Green Life Project is a weekly series of posts highlighting one change for readers to make in order to gradually green their lives.
This week’s Green Life Project action item is to get and use a library card (or use the one you already have). Get in this habit rather than first buying and then seeing if you like the book. If you like it enough that you really want to own it, after checking it out of the library, then go purchase it!
How is a library card making my life greener? You may have already picked up on it! I want to read a book and instead of buying it, essentially spending money and creating demand for the production of a book made from paper and shipped to a store. Most of my books, once I’ve read them (provided that I actually read them entirely), end up sitting on the shelf, maybe not being picked up again until the bookshelves or I need to move. I have occasionally sold them on Amazon, passing them on to someone else, but there’s a cheaper, greener way to do this process.
It all starts with a library card. I got mine today! I live in Chicago and the Chicago Public Library allows you to reserve a book online and have it dropped off at a specific library of your choosing. My girlfriend showed me the way on this one and she takes advantage of this amazing service! Now of course, services at libraries vary, but chances are, even your small community will have a library with some worthwhile resources.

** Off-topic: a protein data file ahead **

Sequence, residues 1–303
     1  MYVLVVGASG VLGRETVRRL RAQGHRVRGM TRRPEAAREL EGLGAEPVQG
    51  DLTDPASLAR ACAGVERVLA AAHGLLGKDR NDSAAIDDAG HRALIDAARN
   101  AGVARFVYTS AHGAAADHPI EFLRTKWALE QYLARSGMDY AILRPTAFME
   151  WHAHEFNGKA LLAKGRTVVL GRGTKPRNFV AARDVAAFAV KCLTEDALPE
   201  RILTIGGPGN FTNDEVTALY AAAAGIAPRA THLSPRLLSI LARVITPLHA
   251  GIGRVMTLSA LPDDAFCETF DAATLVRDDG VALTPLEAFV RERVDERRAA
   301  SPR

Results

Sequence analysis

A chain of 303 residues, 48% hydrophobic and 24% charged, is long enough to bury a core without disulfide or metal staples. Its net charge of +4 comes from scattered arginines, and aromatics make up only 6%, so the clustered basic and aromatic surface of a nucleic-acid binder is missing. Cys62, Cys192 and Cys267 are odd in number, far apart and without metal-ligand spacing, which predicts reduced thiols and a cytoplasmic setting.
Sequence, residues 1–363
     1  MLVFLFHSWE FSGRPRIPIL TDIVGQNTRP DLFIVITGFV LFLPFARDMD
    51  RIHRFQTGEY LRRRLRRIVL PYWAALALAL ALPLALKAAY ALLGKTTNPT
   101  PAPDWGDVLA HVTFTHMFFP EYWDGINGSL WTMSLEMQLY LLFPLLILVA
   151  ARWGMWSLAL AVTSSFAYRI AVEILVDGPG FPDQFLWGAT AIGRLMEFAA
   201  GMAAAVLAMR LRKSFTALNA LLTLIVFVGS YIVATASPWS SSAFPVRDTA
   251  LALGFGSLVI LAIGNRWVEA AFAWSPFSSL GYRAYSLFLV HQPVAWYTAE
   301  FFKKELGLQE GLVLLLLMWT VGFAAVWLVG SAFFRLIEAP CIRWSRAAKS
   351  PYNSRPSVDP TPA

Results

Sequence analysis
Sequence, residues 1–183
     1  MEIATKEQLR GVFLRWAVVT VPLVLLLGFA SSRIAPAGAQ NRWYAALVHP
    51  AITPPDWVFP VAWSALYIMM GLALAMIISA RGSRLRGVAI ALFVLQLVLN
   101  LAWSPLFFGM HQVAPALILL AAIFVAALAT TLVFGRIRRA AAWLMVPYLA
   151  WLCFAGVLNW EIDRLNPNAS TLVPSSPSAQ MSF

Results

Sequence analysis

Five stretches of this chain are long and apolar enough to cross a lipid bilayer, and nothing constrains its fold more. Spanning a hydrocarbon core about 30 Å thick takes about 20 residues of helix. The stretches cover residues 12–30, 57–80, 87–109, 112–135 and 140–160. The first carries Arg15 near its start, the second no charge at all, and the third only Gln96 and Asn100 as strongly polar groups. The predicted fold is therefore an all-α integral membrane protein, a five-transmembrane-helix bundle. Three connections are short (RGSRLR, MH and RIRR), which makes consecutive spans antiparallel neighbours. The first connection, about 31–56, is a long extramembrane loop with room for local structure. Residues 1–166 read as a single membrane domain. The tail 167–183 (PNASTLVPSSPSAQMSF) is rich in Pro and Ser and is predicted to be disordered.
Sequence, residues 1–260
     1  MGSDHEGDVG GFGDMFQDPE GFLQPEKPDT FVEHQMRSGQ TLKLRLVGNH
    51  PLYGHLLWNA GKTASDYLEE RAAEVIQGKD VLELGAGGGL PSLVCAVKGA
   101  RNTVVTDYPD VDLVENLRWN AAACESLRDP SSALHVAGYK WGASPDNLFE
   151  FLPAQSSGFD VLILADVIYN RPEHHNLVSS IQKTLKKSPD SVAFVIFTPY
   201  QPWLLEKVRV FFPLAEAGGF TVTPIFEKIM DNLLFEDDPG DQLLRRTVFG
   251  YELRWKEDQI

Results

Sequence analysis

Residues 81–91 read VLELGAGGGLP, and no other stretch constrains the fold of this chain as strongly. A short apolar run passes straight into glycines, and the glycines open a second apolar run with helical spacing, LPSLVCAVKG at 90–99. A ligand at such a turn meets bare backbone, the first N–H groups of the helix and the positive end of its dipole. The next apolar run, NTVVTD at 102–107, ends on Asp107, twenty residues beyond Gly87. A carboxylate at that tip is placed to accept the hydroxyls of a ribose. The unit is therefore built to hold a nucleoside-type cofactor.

What else? I was in the, “popular,” area of the Harold Washing Library today and saw both CDs and DVDs, as well as some older educational VHS format videos. The cost? It’s free! You just have to make sure you have it back to them in time! Think of all the lacquer, plastic, and metals that go into making CDs and DVDs! You’re cutting out the waste and libraries allow us to view more richly produced media without having to purchase it and store it afterward. Years later and you want to see it again? Go back to the library and pick up that DVD, watch it and return it! Years later, you might just find it digitized to the point that having the hard copy would seem silly.
Certainly, some movies and books are worth owning — you know you’ll refer back to or watch them again and again! Check them out first through your library and decide whether or not you really want it on your shelf. If the answer is, “yes,” then go out and make the buy.
Libraries help us to cut demand for different media because one copy of a book can serve potentially dozens or hundreds of people over its life (a librarian could probably tell us the average number of uses for a book) instead of each of those users needing to purchase the item! Cutting the demand for the media cuts the demand for the raw materials and energy used to produce and ship the items to you.a
This week, go get a library card if you don’t have one and if you already have one, go out and use it!
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